North Luzon Monitor

North Luzon

Tracing Tribal Roots

Hilarion “Abe” Pawid
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A quiet and serene mountain village called Ahin in the back water municipality of Tinoc in Ifugao is not a paradise. Unlike the biblical “Garden of Eden” where a man and women were created and planted, Ahin has nary wide rice terraces sufficient to feed its inhabitants.

It is where aborigines of most parts of the Cordillera mountainous region point to as the roots of their ancestors. Ibaloi, Kankanai, Kalanguya, Tuali, Ayangan and other mountain tribes all plot their respective lineage to this tiny village.

Ahin still exists where a few families survive in simple living. Ilocanos would pronounce the place as “Asin” but there is no source of salt in those parts.

The amenities of modern society are in limited imagination. Yet Tinoc, the town proper, was opened to vehicular traffic some two and a half decades back via Buguias in Benguet; and until recently, from the ancient town of Kiangan connecting her to the lowlands of Nueva Vizcaya in the Cagayan valley.

Ask the elderly tribesmen of Benguet and they all point to Tinoc as their roots. So, with the Ifugaos on the eastern side of the town.

It is said that the initial migrants into Benguet hiked across the 9,000-foot mountain of Pulag and down to the village of Amlimay in Buguias.  From here some went south to Kabayan and spread in central and southern Benguet. Others took to the north in the vicinity of Mount Data.

Curious of the route of migration, this writer in 1968 walked to Amlimay from Buguias población where old folks confirmed the movements of their ancestors from Ahin, Tinoc. The Second visit was in 1970 when the road connecting Buguias and Kabayan was constructed at the initiative of then Rep. Andres Cosalan and Governor Ben Palispis. The third was with Governor Nestor Fongwan in 2019 where wide farmlands were noticeable and planted with vegetables.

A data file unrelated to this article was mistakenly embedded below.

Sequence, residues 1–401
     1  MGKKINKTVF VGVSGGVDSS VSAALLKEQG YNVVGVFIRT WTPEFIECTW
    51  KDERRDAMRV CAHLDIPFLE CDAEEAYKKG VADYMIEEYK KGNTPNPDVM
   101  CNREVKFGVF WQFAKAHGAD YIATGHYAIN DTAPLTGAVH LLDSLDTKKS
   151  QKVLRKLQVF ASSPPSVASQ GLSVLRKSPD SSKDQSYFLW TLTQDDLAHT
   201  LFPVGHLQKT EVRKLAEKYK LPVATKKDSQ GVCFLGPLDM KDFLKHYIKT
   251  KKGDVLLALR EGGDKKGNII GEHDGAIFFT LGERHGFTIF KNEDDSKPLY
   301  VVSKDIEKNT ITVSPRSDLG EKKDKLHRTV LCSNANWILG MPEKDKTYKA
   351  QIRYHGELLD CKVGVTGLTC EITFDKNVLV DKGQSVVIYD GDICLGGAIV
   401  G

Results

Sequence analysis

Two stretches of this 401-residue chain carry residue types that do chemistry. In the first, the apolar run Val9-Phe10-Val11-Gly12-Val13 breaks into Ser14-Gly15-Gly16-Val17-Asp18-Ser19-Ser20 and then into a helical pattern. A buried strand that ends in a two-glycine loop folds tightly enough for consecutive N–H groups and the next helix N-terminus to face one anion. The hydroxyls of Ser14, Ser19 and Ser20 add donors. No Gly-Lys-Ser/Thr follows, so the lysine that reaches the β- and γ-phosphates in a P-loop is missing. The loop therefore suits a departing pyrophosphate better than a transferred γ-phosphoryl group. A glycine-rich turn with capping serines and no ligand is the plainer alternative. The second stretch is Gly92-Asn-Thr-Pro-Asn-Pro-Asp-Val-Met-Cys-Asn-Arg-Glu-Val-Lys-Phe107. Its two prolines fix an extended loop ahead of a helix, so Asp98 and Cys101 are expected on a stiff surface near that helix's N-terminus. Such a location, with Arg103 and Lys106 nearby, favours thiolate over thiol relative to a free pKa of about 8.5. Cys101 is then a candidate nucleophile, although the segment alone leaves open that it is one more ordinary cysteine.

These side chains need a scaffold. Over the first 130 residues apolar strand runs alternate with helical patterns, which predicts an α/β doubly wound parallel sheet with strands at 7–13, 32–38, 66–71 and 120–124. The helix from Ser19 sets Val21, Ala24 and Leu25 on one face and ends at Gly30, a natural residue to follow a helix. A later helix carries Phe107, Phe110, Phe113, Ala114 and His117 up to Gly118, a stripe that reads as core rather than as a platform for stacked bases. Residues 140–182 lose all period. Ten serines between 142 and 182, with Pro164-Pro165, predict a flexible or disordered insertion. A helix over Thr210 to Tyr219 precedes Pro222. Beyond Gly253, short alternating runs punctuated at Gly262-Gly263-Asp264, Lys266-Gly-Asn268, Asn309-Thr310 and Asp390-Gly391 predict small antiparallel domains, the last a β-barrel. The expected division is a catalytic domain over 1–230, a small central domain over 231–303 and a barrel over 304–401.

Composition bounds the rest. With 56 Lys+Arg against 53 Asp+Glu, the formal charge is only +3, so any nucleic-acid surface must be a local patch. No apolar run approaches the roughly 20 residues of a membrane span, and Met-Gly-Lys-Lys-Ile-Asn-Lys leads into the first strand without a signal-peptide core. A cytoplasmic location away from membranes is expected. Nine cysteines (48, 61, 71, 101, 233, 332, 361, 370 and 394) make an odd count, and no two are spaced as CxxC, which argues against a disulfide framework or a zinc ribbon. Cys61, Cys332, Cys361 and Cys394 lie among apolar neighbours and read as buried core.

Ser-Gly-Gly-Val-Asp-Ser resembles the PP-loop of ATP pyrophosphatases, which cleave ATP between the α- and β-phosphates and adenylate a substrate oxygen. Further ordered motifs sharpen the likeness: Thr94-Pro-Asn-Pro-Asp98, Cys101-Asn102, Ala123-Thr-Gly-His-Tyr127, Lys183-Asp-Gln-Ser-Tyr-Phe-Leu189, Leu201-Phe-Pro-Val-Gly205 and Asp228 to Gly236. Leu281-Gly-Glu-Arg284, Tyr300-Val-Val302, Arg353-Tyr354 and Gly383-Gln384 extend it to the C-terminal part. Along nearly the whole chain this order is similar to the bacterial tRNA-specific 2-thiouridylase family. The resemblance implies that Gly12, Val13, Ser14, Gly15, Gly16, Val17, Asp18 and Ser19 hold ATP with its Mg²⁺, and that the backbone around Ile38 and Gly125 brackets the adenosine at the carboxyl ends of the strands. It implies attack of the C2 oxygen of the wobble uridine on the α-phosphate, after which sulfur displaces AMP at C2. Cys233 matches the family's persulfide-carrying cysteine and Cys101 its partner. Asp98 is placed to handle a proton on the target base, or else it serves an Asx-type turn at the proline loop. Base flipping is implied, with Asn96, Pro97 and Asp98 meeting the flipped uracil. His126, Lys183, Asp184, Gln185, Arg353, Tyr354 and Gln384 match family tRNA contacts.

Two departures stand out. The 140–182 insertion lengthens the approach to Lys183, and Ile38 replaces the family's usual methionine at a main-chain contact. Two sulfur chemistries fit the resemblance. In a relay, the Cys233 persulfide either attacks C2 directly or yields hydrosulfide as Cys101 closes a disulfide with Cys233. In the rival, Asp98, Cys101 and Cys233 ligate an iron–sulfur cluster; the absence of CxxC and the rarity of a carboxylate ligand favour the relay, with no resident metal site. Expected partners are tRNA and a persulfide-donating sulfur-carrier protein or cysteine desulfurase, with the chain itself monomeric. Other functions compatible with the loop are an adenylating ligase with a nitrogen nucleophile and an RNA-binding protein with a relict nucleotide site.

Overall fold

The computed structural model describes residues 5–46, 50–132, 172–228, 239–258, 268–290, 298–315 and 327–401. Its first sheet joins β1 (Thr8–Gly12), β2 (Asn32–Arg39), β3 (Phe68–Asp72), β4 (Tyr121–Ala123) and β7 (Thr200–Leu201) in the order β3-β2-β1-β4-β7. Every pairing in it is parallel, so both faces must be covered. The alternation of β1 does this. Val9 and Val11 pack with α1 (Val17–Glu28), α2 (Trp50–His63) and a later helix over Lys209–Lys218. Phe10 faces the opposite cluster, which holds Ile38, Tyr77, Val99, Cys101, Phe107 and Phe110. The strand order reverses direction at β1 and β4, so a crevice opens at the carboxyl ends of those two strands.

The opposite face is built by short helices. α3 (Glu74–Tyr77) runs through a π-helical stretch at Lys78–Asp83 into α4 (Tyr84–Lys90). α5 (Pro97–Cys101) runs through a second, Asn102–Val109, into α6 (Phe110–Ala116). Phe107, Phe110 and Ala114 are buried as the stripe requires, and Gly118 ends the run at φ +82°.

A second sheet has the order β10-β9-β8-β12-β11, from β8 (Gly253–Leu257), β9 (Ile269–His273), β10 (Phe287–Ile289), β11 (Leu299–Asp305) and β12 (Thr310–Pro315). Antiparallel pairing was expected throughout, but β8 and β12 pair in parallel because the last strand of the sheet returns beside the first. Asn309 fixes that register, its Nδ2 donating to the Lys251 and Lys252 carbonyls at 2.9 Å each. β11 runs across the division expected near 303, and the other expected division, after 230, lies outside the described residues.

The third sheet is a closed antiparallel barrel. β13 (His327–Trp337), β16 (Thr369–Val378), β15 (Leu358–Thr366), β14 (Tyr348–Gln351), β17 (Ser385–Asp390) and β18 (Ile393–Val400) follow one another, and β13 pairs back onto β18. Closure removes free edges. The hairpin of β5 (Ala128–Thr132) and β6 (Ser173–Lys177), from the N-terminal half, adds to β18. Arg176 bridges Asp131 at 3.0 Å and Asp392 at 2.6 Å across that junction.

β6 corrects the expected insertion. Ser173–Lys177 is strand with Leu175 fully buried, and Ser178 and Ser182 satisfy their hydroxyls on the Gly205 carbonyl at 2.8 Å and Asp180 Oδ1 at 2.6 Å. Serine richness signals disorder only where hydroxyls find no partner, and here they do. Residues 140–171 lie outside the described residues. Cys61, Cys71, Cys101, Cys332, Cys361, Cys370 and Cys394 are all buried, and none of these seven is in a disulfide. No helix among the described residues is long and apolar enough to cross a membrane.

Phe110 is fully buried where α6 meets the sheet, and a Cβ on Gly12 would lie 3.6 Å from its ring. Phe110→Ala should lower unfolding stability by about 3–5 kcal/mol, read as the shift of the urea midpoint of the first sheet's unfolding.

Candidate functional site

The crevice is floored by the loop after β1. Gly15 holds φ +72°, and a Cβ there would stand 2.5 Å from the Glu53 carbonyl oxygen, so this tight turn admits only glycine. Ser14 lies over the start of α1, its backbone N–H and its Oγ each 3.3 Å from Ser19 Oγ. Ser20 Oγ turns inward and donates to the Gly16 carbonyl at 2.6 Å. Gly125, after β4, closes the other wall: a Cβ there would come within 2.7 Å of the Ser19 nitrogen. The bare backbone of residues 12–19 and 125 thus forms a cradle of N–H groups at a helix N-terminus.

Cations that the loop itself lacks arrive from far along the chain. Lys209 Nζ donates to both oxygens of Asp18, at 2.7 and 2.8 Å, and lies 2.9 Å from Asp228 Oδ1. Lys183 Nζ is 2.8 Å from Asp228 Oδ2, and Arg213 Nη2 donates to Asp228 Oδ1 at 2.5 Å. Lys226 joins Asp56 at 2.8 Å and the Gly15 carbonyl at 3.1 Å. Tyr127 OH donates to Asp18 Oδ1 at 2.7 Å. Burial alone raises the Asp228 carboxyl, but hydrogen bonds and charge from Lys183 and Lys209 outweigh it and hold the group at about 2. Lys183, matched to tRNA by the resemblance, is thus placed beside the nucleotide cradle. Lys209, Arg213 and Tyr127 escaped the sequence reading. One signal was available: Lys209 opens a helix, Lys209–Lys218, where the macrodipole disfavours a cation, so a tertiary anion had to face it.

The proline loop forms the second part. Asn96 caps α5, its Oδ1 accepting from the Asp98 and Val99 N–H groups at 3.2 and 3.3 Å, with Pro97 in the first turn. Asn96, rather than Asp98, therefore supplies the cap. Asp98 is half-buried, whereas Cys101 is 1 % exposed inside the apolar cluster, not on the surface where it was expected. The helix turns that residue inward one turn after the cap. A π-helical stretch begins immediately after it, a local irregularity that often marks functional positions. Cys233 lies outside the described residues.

It is ironic that while Ahin in Tinoc exists, there is never an instance where descendants take pilgrimage to the place, not even out of curiosity how this tiny village has populated far flung communities.

Nonetheless, Ahin in Tinoc is forever mentioned during family and clan reunions among Benguet tribes. Thanks to Alex Haley who in 1976 came out with his novel “Roots” that has inspired clans to hold reunions and trace their own genealogical roots.

     ( “Roots: The Saga of an American Family”. The book caught the attention of millions of readers worldwide as he narrated the story of an African sold into slavery and brought to North America.

     (Novelist Haley wrote of the horrors of slavery which is universally known today.  In the hellish lives of slavery, a mother traced her roots to a village in west Africa. She repeatedly mentioned the names of her grandparents, parents, brothers and sisters to her descendants on the slave farm in Virginia. She demanded of her offsprings and their descendants to memorize the names of ancestors and do the same to theirs. As a result, surviving family lineage in the later part of the past century, from then on, can trace their roots to that village called Gambia in West Africa.)

In the Cordillera mountain ranges, the saga of black slavery as detailed by Haley is brushed aside as the tribal practice of a form of slavery was abandoned and forgotten.  His book, however, has magnanimously influenced families to seek near and distant blood relatives into clan reunions.

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